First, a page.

The desire to create is a universal one and what better way to use that desire than to create something which connects us to The Creator. Isn’t it amazing that God shares that creative spirit with us? In the musical Children of Eden, Eve speaks of the “Spark of Creation.”

I’ve got a feeling that the Father who made us
When he was kindling the pulse in my veins
He left a tiny spark of the fire, smoldering inside
The spark of creation, is flickering within me
The spark of creation, is blazing in my blood
A bit of the fire that lit up the stars
And breathed life into the mud, the first inspiration
The spark of creation

Confirmation for Real Life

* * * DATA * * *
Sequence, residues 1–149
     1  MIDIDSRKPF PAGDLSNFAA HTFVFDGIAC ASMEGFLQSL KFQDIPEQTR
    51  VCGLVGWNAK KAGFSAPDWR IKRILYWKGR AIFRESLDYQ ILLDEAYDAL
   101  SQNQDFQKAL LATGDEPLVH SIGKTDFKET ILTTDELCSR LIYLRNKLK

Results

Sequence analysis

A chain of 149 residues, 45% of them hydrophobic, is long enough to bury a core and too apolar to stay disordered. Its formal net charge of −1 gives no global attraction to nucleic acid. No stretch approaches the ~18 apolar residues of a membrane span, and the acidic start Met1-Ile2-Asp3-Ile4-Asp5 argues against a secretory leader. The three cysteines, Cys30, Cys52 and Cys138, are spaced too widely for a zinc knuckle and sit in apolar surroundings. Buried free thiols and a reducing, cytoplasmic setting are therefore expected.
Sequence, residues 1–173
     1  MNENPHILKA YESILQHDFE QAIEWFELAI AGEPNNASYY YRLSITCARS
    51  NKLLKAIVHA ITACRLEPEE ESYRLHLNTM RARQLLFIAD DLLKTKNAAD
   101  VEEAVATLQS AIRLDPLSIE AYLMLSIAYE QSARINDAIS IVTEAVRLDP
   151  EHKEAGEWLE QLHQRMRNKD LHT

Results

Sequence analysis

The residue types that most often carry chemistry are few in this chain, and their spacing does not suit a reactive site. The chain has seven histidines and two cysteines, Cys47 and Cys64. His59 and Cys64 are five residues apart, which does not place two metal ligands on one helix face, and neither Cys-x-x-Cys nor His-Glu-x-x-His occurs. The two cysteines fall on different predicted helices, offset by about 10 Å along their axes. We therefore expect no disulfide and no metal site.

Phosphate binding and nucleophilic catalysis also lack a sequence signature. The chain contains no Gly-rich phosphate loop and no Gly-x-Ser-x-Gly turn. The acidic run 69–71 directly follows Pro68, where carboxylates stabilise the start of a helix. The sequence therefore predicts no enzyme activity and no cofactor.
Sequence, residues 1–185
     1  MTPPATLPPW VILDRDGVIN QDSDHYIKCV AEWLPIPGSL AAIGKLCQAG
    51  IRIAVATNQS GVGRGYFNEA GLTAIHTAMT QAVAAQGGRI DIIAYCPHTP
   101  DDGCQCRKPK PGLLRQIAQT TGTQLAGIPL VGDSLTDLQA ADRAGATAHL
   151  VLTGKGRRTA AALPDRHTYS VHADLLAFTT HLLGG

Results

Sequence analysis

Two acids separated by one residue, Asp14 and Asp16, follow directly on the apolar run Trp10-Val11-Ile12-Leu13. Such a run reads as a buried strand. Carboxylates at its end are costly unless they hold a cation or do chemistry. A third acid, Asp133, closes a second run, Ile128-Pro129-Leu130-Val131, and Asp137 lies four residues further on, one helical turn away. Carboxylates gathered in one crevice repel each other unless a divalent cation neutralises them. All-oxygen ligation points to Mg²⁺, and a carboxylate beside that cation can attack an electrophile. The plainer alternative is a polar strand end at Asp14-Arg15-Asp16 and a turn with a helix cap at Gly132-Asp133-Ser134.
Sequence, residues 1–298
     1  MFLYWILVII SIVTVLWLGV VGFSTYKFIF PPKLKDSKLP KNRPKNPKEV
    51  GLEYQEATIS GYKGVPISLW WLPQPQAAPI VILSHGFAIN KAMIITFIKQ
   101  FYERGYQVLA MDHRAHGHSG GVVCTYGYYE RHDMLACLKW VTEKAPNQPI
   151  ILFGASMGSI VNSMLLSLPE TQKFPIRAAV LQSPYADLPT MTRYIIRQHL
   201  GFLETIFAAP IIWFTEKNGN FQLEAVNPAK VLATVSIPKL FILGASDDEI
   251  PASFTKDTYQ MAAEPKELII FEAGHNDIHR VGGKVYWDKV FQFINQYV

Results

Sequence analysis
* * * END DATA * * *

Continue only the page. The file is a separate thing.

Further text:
dove stained glass windowIn one of my Facebook groups, a pastor shared that three suicides had occurred at her local high school and middle school in 48 hours. Facing confirmation class orientation shortly, she was considering scraping her elaborate confirmation curriculum “filled with content, requirements, and boxes to check off” and telling her families that confirmation this year would be family based. “Come with your child and we will share highs and lows, see what word God might have for our daily lives in the Bible, talk about it, pray for one another and bless one another.” She added that she didn’t care if her confirmands “memorize the catechism, or can remember the three marks of a sacrament or recite the books of the Bible in order.” She wanted them to know that God loves them and they are wonderfully made in God’s image.